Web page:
In the studio where Rembrandt created The Night Watch, I started at the beginning, learning how to make paint.
When it was built in the early 17th century, the house would have been considered luxurious, and the renovation which added a storey with pointed gables was cutting edge 1629 architecture.
It’s on the corner of the busy Jodenbreestraat, across the road from the Albert Hein supermarket, a couple of doors down from the Simon Levelt coffee shop (NOTE: this is not one of Amsterdam’s notorious ‘coffeeshops’, meaning ‘drugstores’ – Simon really sells coffee.)
The great master’s greatest masterpieces are close by in Amsterdam’s fabulous Rijksmuseum, but the more modest Rembrandthuis has a fascinating collection of his smaller works, particularly his etchings.
While security guards in the Rijksmuseum keep potential vandals at a safe distance from Rembrandt’s works, visitors to his house are encouraged to get up close to examine his etchings with the thoughtfully provided magnifying glasses.
There are daily demonstrations of paint mixing and etching techniques.
Californian artist Eric shows us how Rembrandt would have pulverised yellow ochre or blue lapis lazuli with a pestle and mortar, added linseed oil and alcohol, then ground the paste on a slab of marble.
He does it very well in excellent English and Dutch and even makes a good fist of translating ‘linseed oil’ into Portuguese.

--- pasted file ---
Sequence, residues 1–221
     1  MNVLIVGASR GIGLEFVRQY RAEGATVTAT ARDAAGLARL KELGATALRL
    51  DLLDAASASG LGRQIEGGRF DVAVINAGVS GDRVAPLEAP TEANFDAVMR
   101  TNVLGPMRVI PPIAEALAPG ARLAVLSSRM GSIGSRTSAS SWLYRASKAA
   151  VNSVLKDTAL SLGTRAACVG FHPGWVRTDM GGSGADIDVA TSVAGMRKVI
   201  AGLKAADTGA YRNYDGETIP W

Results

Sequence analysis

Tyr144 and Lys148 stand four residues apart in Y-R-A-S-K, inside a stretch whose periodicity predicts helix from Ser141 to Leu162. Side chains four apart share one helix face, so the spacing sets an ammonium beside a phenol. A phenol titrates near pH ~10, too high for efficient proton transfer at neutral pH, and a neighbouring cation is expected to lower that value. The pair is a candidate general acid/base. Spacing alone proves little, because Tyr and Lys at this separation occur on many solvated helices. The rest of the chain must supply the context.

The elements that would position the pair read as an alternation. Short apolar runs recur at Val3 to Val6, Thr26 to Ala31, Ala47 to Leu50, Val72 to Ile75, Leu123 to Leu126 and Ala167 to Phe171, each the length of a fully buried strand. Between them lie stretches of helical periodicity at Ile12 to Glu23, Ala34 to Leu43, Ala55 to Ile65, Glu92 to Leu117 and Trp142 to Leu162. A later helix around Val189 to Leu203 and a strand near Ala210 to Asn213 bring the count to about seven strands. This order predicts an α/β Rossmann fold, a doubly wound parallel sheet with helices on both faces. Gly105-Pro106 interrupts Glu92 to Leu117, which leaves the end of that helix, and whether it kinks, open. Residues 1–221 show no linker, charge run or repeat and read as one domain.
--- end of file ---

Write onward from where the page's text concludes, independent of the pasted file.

Making paint is hard work. Since oil paint dries and sets overnight, a fresh batch needs to be mixed each day – quite a lot of it if you have The Night Watch on the go. That’s what the great man had apprentices for, of course.
Rembrandt notoriously lived beyond his means, so when his creditors called him in for a chat, most of his own collection of art and other objects that he found inspiring had to be sold to cover his debts.
However, since the inventory from the sale survived, the house’s restorers were able to accurately refurnish rooms, including the master’s studio, with objects Rembrandt would have recognised.
While thousands queued to see Rembrandt’s work in the great Rijksmuseum, even on a public holiday we were able to walk straight through to browse the Rembrandthuis with only a handful of other visitors.
NOTES: The Rembrandthuis is open every day except New Year’s Day. Entry costs 10 euros. (Free with a Museum Card or Amsterdam Card.)
For details, see www.rembrandthuis.nl